Once, India’s rich had to hide because it was very unsafe to be rich in a poor country. It was a time when the rich were called ‘industrialists.’ That generation of India’s rich had also sponsored idealism out of self-interest to defeat the era’s cultural elite, the British. They either ended up believing these ideals or had to somehow sustain the noble myth. 

They knew what being vulgar was, and did not wish to do that. It was hard to hide their wealth, but their displays often had a public context, as with the aplomb of royals. Even today, it is rare to see outrageous behaviour from the children of billionaires. It could be that billionaires are rare, so all incidents involving them appear rare, or it could be that when they do mow down people, that news gets slain. 

Granting all this, I still get the feeling that the children of India’s industrialists are briefed well at home to behave well and not kill people with expensive cars. But the ordinary rich are a different lot. I can’t imagine those families telling theirs sons to be aware at all times of their dumb luck and be kind to those who are not as lucky.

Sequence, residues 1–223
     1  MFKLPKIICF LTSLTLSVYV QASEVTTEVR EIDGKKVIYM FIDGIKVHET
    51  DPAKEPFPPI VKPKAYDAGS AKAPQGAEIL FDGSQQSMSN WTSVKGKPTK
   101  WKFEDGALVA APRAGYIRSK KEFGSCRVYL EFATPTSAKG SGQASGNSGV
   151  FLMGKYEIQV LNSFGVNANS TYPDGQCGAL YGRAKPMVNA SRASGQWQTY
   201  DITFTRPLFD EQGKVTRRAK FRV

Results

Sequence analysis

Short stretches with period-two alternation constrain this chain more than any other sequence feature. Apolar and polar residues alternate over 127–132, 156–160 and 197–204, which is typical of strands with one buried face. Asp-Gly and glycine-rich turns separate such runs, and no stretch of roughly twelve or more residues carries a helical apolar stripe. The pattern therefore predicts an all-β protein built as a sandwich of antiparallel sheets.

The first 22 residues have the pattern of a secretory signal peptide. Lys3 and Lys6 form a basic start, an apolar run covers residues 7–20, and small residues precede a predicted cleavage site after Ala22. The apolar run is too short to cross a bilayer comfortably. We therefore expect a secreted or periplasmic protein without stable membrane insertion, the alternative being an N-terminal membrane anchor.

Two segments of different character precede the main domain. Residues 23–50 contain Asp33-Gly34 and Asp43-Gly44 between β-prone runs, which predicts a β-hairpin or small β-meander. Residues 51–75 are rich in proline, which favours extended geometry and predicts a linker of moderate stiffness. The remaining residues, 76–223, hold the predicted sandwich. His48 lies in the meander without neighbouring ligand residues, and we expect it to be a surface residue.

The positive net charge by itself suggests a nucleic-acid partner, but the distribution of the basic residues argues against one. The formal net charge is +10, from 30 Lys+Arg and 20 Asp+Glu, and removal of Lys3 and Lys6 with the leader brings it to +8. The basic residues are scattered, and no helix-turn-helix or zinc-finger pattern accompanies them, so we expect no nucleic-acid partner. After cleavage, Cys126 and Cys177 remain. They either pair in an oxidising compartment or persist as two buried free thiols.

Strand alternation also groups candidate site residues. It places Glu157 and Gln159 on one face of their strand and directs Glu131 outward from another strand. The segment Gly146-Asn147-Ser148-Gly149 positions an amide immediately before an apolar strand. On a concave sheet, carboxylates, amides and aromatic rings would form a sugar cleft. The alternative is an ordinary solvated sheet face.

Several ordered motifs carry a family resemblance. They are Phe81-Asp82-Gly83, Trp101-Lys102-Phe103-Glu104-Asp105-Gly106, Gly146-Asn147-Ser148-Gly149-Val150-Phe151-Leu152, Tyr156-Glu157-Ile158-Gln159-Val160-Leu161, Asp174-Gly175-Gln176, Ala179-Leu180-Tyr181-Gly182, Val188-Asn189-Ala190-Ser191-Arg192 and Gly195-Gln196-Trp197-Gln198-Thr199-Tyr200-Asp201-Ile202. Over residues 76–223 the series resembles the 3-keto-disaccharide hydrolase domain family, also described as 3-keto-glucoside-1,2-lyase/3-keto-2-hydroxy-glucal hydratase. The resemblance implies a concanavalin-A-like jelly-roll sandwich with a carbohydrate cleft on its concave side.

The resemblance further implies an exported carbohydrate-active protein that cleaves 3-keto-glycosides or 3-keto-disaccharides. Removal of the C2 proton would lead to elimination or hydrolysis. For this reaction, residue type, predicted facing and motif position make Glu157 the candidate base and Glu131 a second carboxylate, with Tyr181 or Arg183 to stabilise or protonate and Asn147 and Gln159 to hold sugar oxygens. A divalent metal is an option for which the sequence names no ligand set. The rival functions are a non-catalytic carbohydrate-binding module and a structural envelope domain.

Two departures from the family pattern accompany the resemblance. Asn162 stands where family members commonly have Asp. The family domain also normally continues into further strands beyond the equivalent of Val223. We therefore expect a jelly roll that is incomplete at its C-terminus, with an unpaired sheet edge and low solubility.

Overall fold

You sit with some of India’s wealthy, and all you hear is what money has bought and will buy next. What they have taken from the world, what they will take next. A new generation has been raised listening to this talk and might believe that this is the way to be, this is how the rich should enjoy their luck.

It is my guess that the best thing wealth can buy is an intellectual pursuit. The origin of intellect is in wealth, and it still serves the rich the best. Without an intellectual pursuit, wealth searches desperately to entertain itself with material things, to somehow buy fun that is unattainable for others.

In response to this demand, capitalism has invented many fake products for the super-rich. But the fun just does not come, and like that nun on the bus, they have keep doing more desperate things. They have to buy more and more, consume more and more, and veer towards the dangerous side. Like pushing a Porsche’s pedal to 200kmph on an Indian road.